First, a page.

BEIJING: Chinese President Xi Jinping is to open the 20th Communist Party Congress on Sunday (Oct 16), a week-long event where he is widely expected to win a third leadership term and cement his place as the country's most powerful ruler since Mao Zedong.
The gathering of roughly 2,300 delegates from around the country is scheduled to begin at 10am in the vast Great Hall of the People on the west side of Tiananmen Square.
The congress will likely open with Xi, 69, reading a lengthy report in a televised speech that reviews the party's achievements of recent years and outlines broad-brush priorities for the next five years.
Analysts generally do not expect any significant change in policy direction.
In his decade in power, Xi has set China on an increasingly authoritarian path that has prioritised security, state control of the economy in the name of "common prosperity", a more assertive diplomacy, a stronger military and intensifying pressure to seize Taiwan.
In particular, China has in recent days repeatedly emphasised its commitment to Xi's zero-COVID strategy, dashing hopes among countless Chinese citizens as well as investors that Beijing might begin exiting anytime soon a policy that has caused widespread frustration and economic damage.
"We see no reason for him to change course or make substantial adjustments to the fundamental principles and strategies he has cultivated over the past decade," Saxo Bank market strategist Redmond Wong wrote in a Friday note.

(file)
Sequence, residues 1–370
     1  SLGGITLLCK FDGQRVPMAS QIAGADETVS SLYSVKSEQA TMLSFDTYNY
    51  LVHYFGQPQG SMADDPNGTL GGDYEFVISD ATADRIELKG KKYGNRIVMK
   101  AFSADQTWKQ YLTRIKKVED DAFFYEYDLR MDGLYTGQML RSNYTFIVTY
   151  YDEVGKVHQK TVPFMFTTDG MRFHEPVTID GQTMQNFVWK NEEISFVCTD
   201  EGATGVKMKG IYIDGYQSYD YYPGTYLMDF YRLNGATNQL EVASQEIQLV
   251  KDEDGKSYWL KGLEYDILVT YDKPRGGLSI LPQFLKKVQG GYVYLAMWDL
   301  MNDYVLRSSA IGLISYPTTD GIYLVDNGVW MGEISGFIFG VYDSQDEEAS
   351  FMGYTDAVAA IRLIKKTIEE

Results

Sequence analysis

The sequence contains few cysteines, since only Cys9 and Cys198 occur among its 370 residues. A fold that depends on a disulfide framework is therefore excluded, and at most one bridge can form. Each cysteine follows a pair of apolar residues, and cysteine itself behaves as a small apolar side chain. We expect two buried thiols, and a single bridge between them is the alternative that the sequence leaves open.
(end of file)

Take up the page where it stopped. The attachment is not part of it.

Xi's power appears undiminished by the tumult of a year that has seen China's economy slow dramatically, dragged down by the COVID policy's frequent lockdowns, a crisis in the property sector and the impact of his 2021 crackdown on the once-freewheeling "platform economy", as well as global headwinds.
China's relations with the West have deteriorated sharply, worsened by Xi's support of Russia's Vladimir Putin.
The son of a Communist Party revolutionary, Xi has reinvigorated a party that had grown deeply corrupt and increasingly irrelevant, expanding its presence across all aspects of China, with Xi officially its "core".
Xi did away with presidential term limits in 2018, clearing the way for him to break with the precedent of recent decades and rule for a third five-year term, or longer.
The twice-a-decade congress is expected to reconfirm Xi as party general secretary, China's most powerful post, as well as chairman of the Central Military Commission.
Xi's presidency is up for renewal in March at the annual session of China's parliament.
The day after the congress ends on Saturday, Xi is expected to introduce his new Politburo Standing Committee, a seven-person leadership team.
It will include the person who will replace Li Keqiang as premier when Li steps down from that post in March after serving the maximum two terms.